9:31 p.m. Skylar Laine is another "Idol" singer who has made a trip to the hospital today. Dehydration. Before she starts to sing, the judges remind each other who Skylar is. The answer is that she's the little girl who sounds a lot like Reba. It's true! She does. And in case you somehow forgot, J-Lo tells Tyler that Skylar reminds her of Reba.

9:33 p.m. Oh right. Rachelle Lamb's woman who brought her adorable daughter into the audition room. Rachelle goofs on the words immediately, but she pulls a Brooke White and stops the performance to reset. That's always a better idea than stumbling along lost. The words aren't Rachelle's problem as she re-performs, but there are definitely some bum notes.

9:35 p.m. New father Adam Brock thinks he's bringing some white chocolate to "American Idol." Adam may have the most immediately radio-ready voice we've heard today. I can find no flaws with his take on "Georgia on My Mind." I'm also pre-disposed to root for bearded "Idol" contestants. Adam's performing with his grandfather's handkerchief, but the hankie has extra mojo because it now contains Steven Tyler's sweat after the morning's jam session.

9:38 p.m. That's it for today's solos. I wish we'd seen some more. There are many nervous people who I don't think we've even spotted previously.

9:43 p.m. The judges are deliberating. Oooh. Three Rooms? First, we must hear the judges use lots of pronounces. "Do you see him in the Top 12?" "She wasn't good today, but she was so good yesterday."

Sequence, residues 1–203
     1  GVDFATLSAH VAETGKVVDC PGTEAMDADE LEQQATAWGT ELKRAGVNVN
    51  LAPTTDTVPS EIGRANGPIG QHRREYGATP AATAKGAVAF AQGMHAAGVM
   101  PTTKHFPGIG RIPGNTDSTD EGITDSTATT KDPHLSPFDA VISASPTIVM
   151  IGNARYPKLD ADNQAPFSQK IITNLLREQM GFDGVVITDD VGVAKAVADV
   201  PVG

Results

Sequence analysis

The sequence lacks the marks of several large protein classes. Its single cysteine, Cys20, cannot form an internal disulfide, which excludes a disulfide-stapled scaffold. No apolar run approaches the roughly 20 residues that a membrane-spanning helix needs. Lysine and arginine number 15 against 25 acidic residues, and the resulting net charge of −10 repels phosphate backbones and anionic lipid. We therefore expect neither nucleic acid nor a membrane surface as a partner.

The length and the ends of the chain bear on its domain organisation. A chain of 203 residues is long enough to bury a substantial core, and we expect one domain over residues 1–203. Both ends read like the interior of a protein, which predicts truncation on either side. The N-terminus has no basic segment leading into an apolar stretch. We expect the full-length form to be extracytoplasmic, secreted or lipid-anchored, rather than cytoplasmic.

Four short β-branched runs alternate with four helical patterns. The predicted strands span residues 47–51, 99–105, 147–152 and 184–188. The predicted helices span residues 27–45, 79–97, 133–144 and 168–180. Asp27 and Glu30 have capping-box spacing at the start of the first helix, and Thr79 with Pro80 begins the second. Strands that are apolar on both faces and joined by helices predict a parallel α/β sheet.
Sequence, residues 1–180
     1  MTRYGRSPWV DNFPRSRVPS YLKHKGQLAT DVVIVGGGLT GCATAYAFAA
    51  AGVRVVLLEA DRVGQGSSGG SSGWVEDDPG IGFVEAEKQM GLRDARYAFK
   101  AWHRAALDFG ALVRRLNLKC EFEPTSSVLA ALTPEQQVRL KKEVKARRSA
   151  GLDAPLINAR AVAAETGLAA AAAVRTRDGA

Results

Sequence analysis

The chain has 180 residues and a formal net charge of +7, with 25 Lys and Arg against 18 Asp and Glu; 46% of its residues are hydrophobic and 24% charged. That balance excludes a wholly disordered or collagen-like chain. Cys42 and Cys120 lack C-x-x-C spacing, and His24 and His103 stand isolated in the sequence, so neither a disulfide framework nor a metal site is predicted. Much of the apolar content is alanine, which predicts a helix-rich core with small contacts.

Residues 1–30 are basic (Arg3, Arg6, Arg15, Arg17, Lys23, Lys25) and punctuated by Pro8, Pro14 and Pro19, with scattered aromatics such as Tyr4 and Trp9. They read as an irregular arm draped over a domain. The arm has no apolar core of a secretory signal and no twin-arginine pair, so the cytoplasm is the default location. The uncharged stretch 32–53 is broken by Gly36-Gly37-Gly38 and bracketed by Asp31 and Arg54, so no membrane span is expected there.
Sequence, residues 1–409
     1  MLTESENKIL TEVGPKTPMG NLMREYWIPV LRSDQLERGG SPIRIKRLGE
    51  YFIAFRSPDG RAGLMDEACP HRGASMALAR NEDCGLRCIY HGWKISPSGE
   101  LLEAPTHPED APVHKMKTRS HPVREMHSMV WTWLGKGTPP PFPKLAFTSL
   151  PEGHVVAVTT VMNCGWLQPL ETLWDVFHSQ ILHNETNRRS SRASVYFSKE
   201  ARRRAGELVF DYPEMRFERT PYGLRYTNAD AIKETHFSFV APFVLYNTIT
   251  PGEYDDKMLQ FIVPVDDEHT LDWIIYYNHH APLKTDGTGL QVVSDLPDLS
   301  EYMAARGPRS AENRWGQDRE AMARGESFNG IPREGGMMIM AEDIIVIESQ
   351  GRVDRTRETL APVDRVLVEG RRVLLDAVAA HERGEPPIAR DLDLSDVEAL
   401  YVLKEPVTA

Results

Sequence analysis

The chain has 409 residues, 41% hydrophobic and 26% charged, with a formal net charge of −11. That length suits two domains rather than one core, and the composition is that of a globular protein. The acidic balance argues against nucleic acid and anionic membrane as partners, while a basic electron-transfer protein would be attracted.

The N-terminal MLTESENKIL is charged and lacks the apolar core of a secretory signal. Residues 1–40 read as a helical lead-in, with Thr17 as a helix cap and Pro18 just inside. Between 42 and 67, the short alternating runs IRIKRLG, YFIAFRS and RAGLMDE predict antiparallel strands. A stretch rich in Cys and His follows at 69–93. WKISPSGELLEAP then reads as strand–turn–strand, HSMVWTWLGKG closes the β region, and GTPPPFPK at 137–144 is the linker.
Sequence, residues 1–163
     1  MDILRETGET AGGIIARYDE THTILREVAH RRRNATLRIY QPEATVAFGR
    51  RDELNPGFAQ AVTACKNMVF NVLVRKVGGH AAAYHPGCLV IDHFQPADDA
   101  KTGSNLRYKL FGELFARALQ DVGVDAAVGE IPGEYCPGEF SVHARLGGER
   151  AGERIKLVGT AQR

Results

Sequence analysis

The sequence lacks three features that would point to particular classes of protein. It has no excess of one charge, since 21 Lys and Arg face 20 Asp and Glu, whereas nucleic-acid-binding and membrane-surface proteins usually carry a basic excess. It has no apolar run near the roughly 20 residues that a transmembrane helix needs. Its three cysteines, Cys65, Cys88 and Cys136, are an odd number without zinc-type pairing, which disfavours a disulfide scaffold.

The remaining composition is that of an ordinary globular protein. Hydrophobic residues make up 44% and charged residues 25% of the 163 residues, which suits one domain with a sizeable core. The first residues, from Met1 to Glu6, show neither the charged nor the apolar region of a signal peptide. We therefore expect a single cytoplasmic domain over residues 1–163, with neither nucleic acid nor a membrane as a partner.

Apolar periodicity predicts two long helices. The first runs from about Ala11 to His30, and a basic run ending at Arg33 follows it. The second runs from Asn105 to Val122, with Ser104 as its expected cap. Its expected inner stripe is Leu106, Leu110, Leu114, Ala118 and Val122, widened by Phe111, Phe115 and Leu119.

9:44 p.m. There are FOUR rooms!

9:44 p.m. In Room One, is Jen Hirsh and some other people. They're all going through, y'all.

9:45 p.m. Room Two includes another group of people who are sure to go through.

9:45 p.m. Room Three is iffy. Room Four includes Baylie Brown, who seemed like a sure thing until we stopped seeing her.

9:45 p.m. Everybody in Room One was awesome, so I don't know why Johnny Keyser and Adam Brock and David Leathers Jr. are freaking out. Come on. These people aren't dumb. They're safe! SHOCKING! Jermaine Jones, Lauren Gray and Joshua Lidet are also through. Duh-doy.

9:47 p.m. In Room Three, we see Rachelle Lamb and the very attractive Sarah Phillips, who we haven't heard sing for a long time. Madison Shanley is very sad. As she would be. She's in a dead room and she knows it. People are goofing off and burping and giggling and Madison is disgusted. Rachelle, the accused burper, is having none of it. 

9:53 p.m. Room Two is also safe. Duh-doy. Reed Grimm, Phillip Phillips, Shannon Magrane and a couple other no-brainers are happy. 

9:54 p.m. In Room Three, BurpGate is continuing. The judges arrive and frown and tell silly stories about how this was the most talented season ever. Room Three is done. J-Lo assures them that they'll all be missed. Steven Tyler tells stories of playing to empty clubs in his early days. The journey ends for people I didn't much care about.

9:56 p.m. Things are uncertain in Room Four, with Baylie Brown, Heejun, Cowboy and more. The judges agree that Steven will reveal the room's fate and do it quickly. Instead, J-Lo tells Room Four that they're safe. YAY, I guess!

9:58 p.m. Everybody advancing gathers out in an alcove and they're told that they'll be going to Las Vegas, again. What happens in Vegas will air tomorrow night.

What'd you think of this two-hour "American Idol"? At least people sang, eh?